Latest Issue of Nature and Culture

Published on 19 July 2013 by in Resources


We are pleased to announce that the latest issue of Nature and Culture has
recently been published by Berghahn Journals.

This issue covers a variety of topics. The first article defends the German
energy transition and argues that they have chosen an economically efficient
and forceful approach to securing a sustainable energy supply. Leduc and
Crate’s article is concerned with the way in which indigenous place-based
knowledge and understandings, in a time of climate change, have the
potential to challenge researchers to self-reflexively shift the focus of
their research toward those technological and consumer practices that are
the cultural context of our research. Vicenzotti’s article presents an
approach to mapping multivalent metaphors, that is, metaphors that imply
competing values. Kelly and Rule’sempirical study counters the claim that
Love and Kill are separate constructs in hunting, finding instead that
individual hunters often view their prey through a mixed lens that includes
both Love and Kill. The question posed in the final article is how shifts in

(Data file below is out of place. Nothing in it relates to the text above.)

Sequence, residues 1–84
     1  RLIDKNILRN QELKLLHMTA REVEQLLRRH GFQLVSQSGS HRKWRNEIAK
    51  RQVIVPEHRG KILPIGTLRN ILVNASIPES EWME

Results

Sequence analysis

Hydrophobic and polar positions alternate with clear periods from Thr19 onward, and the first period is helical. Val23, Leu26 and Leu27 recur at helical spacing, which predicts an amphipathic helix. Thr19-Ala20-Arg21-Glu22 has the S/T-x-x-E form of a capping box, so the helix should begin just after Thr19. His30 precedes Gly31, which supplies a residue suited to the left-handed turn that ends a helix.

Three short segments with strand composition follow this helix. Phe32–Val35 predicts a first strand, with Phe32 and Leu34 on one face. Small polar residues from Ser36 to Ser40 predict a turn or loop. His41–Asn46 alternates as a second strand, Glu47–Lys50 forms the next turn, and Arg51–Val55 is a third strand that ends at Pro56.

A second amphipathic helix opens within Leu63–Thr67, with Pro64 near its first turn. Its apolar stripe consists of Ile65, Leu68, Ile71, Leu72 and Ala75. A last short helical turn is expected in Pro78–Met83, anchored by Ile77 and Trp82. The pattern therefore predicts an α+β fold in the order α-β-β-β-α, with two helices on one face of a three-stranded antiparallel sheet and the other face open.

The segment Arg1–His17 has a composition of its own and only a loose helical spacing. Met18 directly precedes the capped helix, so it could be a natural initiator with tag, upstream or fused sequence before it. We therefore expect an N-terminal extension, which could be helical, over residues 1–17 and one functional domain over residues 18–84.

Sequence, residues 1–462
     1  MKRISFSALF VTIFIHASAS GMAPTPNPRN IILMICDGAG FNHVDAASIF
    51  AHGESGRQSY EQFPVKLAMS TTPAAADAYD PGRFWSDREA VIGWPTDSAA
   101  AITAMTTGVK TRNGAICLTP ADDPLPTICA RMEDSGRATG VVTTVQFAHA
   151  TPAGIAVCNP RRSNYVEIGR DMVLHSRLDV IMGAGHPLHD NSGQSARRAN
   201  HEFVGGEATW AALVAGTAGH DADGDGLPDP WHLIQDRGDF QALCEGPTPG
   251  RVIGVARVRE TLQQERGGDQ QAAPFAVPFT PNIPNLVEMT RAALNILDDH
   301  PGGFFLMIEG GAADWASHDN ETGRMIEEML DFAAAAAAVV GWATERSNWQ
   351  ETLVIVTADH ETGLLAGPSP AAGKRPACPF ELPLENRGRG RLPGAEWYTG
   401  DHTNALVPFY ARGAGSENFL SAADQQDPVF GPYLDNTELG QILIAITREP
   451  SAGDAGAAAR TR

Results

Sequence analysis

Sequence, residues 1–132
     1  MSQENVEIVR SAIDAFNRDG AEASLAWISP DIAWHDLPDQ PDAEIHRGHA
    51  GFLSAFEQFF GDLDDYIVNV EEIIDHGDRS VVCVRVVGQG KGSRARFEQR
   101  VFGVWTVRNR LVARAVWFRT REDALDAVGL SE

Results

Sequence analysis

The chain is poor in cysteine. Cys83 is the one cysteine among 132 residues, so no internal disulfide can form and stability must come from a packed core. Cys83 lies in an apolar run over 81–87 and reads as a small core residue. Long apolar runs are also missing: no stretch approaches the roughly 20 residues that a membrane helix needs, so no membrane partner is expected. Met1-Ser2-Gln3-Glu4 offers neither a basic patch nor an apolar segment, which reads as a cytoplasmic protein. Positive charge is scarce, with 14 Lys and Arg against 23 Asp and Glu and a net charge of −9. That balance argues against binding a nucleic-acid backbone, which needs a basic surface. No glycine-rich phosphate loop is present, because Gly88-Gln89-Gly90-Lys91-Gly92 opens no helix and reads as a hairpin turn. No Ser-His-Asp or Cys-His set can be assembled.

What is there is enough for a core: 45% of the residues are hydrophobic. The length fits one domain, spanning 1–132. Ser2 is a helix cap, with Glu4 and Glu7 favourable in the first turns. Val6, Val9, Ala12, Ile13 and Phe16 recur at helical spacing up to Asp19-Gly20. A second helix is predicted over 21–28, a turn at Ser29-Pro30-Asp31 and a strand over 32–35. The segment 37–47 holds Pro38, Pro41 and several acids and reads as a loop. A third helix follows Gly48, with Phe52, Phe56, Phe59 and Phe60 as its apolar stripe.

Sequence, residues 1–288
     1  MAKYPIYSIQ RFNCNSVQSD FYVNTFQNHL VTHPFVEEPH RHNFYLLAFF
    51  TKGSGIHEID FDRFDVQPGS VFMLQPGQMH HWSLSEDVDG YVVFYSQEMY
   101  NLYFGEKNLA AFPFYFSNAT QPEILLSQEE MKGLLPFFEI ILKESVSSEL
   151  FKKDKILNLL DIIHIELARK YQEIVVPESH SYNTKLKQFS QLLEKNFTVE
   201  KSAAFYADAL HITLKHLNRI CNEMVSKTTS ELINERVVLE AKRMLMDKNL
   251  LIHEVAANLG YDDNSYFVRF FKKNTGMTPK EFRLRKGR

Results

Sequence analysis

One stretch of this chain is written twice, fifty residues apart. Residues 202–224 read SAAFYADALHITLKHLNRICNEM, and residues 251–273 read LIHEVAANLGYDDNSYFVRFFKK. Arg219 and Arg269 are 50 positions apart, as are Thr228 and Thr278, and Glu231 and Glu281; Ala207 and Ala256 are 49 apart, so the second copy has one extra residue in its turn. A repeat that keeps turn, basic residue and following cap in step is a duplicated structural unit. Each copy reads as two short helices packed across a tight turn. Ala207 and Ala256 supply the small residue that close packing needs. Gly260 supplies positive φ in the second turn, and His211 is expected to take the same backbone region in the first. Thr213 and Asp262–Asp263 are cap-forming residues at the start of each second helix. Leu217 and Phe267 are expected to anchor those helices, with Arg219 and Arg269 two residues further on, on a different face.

governance ushered in by the sustainability paradigm are reshaping knowledge
governance. The issue concludes with a Review Essay.

Please visit the Berghahn website for more information about the journal:

Volume 8, Number 2

Germany’s Energy Transition Under Attack: Is There an Inscrutable German
Erik Gawel; Sebastian Strunz; Paul Lehmann

Reflexive Shifts in Climate Research and Education: Toward Relocalizing Our
Timothy B. Leduc; Susan A. Crate

Mapping Multivalent Metaphors: Analyzing the Wildnis Metaphor in the
Zwischenstadt Discourse in Terms of Political Worldviews
Vera Vicenzotti

The Hunt As Love and Kill: Hunter-Prey Relations in the Discourse of
Contemporary Hunting Magazines
Jennifer Rebecca Kelly; Stacy Rule

Converting Community Knowledge into Catchment Nutrient Limits: A